Math’s PR Problem OR Changing our Educational System

I was listening to the BBC's Global News Podast this morning and found an interesting segment on the utility of mathematical modeling. Professor John Adam's book (which can be found here) looks at how one can model various aspects of urban life—pollution, traffic congestion, number of dentists offices, etc. I've not read the book, but Adam's message in his interview was something that I can sympathize with. In particular, Adam talks about the degree to which the educational process divorces math from any kind of applied usage. Learning math in this way, he goes on, is partially responsible for why more children/people are not as interested in mathematics as they might otherwise be. 

Sure, there are the ubiquitous "if a train leaves city A at rate X, and a train leaves city B at rate Z, when will their paths cross," kind of examples. But seriously, is that the best we can do? Now, I recognize that I'm far from being the strongest, or the quickest, when it comes to picking up a lot of the methods that I've been taught over the past few years. I, like many people I suppose, was not the biggest fan of math class in high school. Some of this was laziness on my part, but some of it was also the framework in which the subject matter was taught. Even in college it was far from clear that any kind of math beyond balancing a checkbook would play as big a part in my life as it currently does. I did well enough in these classes, but it was not until graduate school that I really had to seriously engage math and statistics.  

As it turns out, I've really enjoyed the quantitative side of my training here at Binghamton, and I'm far more willing to work at developing my understanding and skills now than I was when I was 16. Had I known in high school that I this stuff could be used to study things like war, human rights, etc., I might have cared a bit more. These are things that I've always been interested in. And this is perfectly rational behavior, right? If the expected utility of learning this material is zero, or even negative, then why expend the effort? Where is the payoff? If this is the case, then a major part of the reason that the expected utility of learning this material is so low is because the people that should be able to provide you with the relevant information to update your expectations simply do not do a very good job of that. In fact, I'd say that I didn't really get that at all until grad school. And being able to make that initial connection between math and statistics, and the substantive topics that I care about, has subsequently led me to develop a greater appreciation for the math itself that underlies the models I often use.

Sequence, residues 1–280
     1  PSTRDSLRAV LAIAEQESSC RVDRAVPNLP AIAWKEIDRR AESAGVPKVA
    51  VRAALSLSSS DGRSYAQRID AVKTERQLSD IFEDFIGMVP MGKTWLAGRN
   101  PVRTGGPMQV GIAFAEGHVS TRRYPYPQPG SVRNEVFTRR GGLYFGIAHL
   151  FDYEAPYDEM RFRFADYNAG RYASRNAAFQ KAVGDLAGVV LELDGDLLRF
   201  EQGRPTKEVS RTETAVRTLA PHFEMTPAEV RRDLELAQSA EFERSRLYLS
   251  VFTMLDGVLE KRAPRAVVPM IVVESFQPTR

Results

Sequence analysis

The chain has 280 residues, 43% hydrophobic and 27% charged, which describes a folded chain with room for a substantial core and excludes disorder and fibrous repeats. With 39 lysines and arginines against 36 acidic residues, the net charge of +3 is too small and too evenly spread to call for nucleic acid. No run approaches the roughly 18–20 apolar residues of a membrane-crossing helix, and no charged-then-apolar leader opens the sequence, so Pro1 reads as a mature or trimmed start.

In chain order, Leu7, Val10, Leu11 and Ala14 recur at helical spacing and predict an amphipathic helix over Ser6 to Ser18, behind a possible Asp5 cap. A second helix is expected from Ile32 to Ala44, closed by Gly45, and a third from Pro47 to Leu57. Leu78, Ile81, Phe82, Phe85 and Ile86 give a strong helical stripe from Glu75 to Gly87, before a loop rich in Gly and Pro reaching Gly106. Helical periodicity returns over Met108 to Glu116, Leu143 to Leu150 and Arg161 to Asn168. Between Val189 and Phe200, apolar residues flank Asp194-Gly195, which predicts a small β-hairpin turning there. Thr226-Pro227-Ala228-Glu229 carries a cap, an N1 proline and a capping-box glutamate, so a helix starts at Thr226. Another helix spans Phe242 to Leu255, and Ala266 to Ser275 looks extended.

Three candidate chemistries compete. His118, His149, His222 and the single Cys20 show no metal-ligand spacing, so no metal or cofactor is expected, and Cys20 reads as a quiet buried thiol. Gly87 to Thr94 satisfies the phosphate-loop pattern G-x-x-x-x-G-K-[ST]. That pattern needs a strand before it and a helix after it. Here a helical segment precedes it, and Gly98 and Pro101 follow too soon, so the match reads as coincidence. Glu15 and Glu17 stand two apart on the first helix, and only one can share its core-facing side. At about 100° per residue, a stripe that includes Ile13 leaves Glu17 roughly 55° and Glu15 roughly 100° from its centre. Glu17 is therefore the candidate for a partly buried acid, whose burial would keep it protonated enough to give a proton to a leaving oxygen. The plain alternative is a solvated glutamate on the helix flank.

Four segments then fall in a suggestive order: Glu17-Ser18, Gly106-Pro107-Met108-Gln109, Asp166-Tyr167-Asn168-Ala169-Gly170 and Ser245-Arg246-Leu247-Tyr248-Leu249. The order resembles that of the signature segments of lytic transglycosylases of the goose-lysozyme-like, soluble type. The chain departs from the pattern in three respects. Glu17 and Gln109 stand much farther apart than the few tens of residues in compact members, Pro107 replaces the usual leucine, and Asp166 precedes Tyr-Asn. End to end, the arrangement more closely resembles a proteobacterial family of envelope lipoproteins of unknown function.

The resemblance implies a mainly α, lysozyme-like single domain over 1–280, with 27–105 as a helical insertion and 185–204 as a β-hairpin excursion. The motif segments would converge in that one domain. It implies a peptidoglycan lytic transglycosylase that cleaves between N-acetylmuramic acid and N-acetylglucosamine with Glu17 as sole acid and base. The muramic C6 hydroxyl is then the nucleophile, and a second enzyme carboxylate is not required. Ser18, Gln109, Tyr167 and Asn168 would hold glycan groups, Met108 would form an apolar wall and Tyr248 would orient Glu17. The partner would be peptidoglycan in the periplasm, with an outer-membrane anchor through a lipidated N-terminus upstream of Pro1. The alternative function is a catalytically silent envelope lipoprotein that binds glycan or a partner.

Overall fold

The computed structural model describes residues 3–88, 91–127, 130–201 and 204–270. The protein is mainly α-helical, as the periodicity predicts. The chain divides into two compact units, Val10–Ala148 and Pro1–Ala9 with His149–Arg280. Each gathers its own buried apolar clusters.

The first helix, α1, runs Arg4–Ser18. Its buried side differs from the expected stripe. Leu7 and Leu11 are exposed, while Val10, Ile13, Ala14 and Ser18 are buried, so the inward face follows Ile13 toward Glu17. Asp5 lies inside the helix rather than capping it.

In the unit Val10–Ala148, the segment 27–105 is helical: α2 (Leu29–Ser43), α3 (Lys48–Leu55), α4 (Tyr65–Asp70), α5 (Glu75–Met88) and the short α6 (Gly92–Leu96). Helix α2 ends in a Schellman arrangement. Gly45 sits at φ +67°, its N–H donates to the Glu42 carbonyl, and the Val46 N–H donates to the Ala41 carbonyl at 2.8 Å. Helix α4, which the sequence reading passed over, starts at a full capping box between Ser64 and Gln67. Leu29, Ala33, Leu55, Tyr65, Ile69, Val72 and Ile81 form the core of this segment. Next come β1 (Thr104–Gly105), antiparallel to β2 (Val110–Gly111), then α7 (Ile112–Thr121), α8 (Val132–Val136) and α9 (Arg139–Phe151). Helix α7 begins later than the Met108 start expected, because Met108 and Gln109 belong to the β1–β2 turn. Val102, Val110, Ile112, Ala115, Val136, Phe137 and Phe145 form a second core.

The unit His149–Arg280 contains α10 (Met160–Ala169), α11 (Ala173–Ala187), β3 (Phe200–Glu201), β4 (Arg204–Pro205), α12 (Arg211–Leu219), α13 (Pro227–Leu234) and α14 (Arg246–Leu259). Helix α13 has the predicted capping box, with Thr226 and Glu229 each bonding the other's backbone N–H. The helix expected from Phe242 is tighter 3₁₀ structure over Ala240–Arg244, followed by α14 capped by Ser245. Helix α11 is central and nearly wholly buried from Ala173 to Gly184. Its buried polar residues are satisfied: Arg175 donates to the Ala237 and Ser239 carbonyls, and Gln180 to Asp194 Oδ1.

I don't have any answers for how the educational system could be modified to address this issue. I also realize that you would have to find a way to incorporate applied mathematics into most subject fields, as not everyone has the particular set of interests that would make more math in history or government class a sufficient solution to the problem. Still, there must be a better way. With folks like Neil deGrasse Tyson going around trying to promote greater scientific literacy, and the recent attacks on NSF funding for political science, it seems like there is a space for us to modify how we educate our younglings and how science, math, history, etc., can be better integrated in this process. Maybe if people developed a better understanding of science as a process, or math as something with real world and substantive applications, rather than something that existed strictly from 1pm to 1:45pm during 8th period, people would be better able to develop a more robust appreciation for how mathematics and science fit into, and matter for, our daily lives. This is fairly obvious when phrased like that, but the fact is that it's not really what we do currently, is it?

Am I missing something?

Also—and this is a total aside—Brian Rathbun at the Duck of Minerva has a discussion of how Iron Maiden material can be used to teach political science. This is perhaps a good example of what I was talking about above, so perhaps this is not a total aside, but what we have here is essentially "applied awesomeness."

Michael Flynn

About Michael Flynn

Michael Flynn is currently an assistant professor in the Department of Political Science at Kansas State University. He received his Ph.D. in Political Science from Binghamton University in 2013. His research focuses on the political and economic determinants of foreign economic and security policy, security issues, and state repression.

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